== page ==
Use of NLP and SEM in Determining Factors for E-Service Adoption

Use of NLP and SEM in Determining Factors for E-Service Adoption

Arghya Ray (Indian Institute of Management Ranchi, India) and Pradip Kumar Bala (Indian Institute of Management Ranchi, India)
Copyright: © 2019 |Pages: 10
DOI: 10.4018/978-1-5225-8015-7.ch003


With the emergence of digitalization on a large scale and the increasing penetration of the internet, there has been a need to perform analysis on a real-time basis. With the abundance of information available from various sources, user opinions when captured and analyzed properly can give interesting insights. It also reduces the efforts needed in conducting survey data for testing of any structural model. SEM technique being a “silver bullet” for estimating causal models, in this chapter, the authors have focused on explaining a new avenue of using structured equation modeling (SEM) through use of natural language processing (NLP) techniques on user opinion data available in various social platforms using an example of adoption of e-health services in India.
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In the last few decades, there has been an increase in the number of publications in the information systems (IS) area using structural equation modelling (SEM) techniques. The reason can be due to the increase in software packages to perform such covariance based (e.g., LISREL, EQS, AMOS, etc.) and component-based (e.g. PLS-PC, PLS-Graph, etc.) analysis techniques. SEM is a result of the conjunction of two traditions -- an econometric perspective (linear regression models) and a psychometric approach (factor analysis) (Chin, 1988). Though the two most widely used SEM based analytical methods are covariance-based SEM (CB-SEM) and variance-based SEM (Partial Least Square-PLS-SEM), CB-SEM clearly outperforms PLS in terms of parameter consistency and is preferable in terms of parameter accuracy as long as the sample size exceeds a certain threshold (250 observations). However, PLS analysis is preferred when the emphasis is on prediction and theory development, as the statistical power of PLS is always larger than or equal to that of CB-SEM (Reinartz, Haenlein, and Henseler, 2009).

Technology-based self-services (e-services) are changing the way in which service providers and consumers interact. This has raised a host of research and practice issues relating to the delivery of e-service (Rowley, 2006). Unlike traditional services, the technological services are not constrained by distance, and hence are convenient. SEM is useful in IS research, where many if not most of the key concepts are not directly observable (Roldán and Franco, 2012). A large portion of IS research during recent years has mainly applied SEM as an analytical methodology for theory testing (Gefen et al., 2000; Gerow et al., 2010). Over the years, SEM methods have been used in several contexts, including exploratory, confirmatory and predictive analysis (Westland, 2010).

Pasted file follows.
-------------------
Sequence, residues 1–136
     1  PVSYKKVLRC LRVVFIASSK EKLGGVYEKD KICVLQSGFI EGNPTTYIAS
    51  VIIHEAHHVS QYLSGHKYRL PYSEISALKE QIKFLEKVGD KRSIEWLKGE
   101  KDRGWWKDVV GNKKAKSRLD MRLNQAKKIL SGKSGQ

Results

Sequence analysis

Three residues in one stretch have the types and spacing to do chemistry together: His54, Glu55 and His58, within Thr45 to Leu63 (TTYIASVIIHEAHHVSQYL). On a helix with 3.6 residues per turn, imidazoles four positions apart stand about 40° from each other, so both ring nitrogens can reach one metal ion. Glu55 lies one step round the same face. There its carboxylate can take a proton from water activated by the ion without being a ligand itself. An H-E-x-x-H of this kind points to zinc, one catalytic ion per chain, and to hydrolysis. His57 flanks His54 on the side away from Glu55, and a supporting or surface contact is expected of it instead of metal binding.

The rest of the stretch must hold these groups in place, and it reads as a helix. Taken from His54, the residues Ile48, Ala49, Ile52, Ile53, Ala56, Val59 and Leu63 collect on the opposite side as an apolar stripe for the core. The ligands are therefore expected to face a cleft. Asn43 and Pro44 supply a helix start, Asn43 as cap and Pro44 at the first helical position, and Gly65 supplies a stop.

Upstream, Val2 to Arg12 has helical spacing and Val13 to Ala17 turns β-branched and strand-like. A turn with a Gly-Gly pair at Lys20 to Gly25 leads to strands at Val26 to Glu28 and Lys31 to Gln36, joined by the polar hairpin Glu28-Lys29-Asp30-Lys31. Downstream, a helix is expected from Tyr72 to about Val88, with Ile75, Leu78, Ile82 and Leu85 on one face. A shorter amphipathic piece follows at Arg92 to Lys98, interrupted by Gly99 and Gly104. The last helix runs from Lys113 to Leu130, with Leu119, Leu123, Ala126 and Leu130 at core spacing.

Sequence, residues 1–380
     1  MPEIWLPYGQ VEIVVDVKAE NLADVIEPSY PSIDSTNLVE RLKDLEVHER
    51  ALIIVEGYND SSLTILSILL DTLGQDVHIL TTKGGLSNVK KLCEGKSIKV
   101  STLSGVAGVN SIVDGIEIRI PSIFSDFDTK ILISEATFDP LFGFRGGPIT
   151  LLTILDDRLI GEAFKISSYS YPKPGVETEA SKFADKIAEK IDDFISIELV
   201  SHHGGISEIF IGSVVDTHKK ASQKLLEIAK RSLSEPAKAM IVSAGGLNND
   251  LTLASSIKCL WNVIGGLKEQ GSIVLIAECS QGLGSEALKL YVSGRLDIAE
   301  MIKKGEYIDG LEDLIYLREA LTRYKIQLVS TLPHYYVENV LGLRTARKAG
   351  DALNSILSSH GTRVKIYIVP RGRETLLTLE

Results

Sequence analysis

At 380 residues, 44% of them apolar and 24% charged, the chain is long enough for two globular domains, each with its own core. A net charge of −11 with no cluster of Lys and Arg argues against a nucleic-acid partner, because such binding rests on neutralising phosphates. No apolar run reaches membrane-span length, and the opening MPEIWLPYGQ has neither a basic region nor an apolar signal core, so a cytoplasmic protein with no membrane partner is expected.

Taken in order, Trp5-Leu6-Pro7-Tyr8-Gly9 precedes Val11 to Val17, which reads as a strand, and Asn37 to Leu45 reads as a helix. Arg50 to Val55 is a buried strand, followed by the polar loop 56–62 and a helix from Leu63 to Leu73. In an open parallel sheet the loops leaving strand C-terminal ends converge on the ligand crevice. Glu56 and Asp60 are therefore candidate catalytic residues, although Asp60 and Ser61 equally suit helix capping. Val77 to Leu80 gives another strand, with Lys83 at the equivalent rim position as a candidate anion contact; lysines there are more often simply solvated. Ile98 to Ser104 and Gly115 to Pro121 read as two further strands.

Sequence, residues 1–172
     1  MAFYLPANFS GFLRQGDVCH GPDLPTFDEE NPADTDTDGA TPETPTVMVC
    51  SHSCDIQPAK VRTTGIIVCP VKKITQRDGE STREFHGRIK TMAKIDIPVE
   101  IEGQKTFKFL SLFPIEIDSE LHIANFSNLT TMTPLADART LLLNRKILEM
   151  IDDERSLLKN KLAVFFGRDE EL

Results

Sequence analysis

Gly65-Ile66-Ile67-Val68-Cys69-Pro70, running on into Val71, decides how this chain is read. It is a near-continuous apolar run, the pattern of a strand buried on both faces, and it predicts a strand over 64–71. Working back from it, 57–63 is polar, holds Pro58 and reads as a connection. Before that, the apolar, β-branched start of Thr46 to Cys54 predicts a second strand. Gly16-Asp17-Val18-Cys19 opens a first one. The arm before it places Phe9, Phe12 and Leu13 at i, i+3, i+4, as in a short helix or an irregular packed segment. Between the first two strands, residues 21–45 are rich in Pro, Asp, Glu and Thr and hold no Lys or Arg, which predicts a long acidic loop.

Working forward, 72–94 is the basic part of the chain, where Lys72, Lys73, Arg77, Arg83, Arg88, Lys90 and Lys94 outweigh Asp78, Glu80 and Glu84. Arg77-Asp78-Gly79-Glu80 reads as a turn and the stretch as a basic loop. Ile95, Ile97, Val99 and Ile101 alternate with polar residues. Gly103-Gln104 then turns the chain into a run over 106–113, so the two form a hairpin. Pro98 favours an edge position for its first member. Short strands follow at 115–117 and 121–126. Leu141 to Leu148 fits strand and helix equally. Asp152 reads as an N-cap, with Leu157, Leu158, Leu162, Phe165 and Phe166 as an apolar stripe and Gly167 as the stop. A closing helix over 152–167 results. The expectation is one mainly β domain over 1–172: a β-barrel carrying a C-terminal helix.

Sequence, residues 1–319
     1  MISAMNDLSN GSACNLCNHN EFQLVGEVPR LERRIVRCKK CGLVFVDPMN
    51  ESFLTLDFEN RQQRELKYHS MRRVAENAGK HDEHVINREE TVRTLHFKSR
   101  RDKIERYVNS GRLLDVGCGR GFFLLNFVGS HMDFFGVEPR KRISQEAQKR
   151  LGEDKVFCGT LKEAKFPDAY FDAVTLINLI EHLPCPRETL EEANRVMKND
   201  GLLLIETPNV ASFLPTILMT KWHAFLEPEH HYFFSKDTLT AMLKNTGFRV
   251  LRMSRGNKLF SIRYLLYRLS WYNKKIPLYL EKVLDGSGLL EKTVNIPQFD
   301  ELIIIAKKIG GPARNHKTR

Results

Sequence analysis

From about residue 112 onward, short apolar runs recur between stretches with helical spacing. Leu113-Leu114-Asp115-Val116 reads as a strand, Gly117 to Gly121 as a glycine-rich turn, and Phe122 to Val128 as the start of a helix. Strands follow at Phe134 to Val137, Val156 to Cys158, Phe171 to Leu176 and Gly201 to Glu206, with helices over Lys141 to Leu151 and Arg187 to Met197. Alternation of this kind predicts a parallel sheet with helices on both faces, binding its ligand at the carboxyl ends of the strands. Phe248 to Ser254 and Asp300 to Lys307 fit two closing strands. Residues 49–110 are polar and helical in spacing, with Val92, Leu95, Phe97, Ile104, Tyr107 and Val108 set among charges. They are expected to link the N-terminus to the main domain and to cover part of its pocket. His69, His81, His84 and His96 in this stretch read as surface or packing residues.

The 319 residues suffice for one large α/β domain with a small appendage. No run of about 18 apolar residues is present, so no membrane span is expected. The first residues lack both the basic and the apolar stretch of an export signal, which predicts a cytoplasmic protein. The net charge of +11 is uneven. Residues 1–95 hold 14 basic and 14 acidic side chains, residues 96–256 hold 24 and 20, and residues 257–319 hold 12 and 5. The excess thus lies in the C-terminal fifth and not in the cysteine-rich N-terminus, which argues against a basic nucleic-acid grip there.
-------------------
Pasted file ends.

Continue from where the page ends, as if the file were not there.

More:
But with the emergence of digitalization on a large scale and the increasing penetration of the internet, there has been a need to perform analysis on a real-time basis. SEM technique being a “silver bullet” for estimating causal models (Hair et al., 2014), our aim is to develop a model which can utilize the feedbacks and comments available in the e-service, m-service or web-service pages and feed into the SEM to churn out the most important factors affecting the adoption of the e-service. To the best of our knowledge, though NLP has been used in ontology-based studies, no research has been done on utilizing natural language processing (NLP) techniques in extracting the useful terms from the feedback provided by the customers in various social media pages, the m-service pages and in the webpage to prepare the data set for testing the SEM model. This ontology-based churning of important terms from the feedbacks will enable companies to understand the most important factors, highlighted by the customers, which makes them continue/discontinue the e-service. While the focus is on the adoption of e-services, retention of an e-service also plays an important role in determining the company’s long-term sustainability in the internet-world. Studies by Bain & Company, along with Earl Sasser of the Harvard Business School, have shown that even a 5 percent increase in customer retention can lead to an increase in profits of between 25 and 95 percent (Small Business Trends, 2014). The proposed technique can help to understand the factors affecting the Information System (IS) continuance and also the negative sentiments highlighted by the customers. With the recent advancement in technological innovations, increased competition and marketing dynamics shape ‘market orientation' (Kohli and Jaworski, 1990; Narver and Slater, 1990), which in turn has forced firms to look into better strategies for technological adoption. Hence, a better understanding of the customer’s feedback can help firms provide better services and hence create better customer bases.

Key Terms in this Chapter

Ontology: It is the philosophical study of being i.e., it talks about variables, their properties and the relations between them.

Natural Language Processing (NLP): Natural language processing (NLP) is a subfield of computer science, which deals with the interactions between computers and human language or technically called natural languages. Simply speaking, it deals with programing computers to process and analyze human language data.

Stemming: In NLP, stemming is the process of reducing words to their word stem, base or root form. For example, if the word is “talking” stemming reduces the word to “talk.”

Constructs: In structured equation modeling each measure is associated with only one latent variable termed as a construct.

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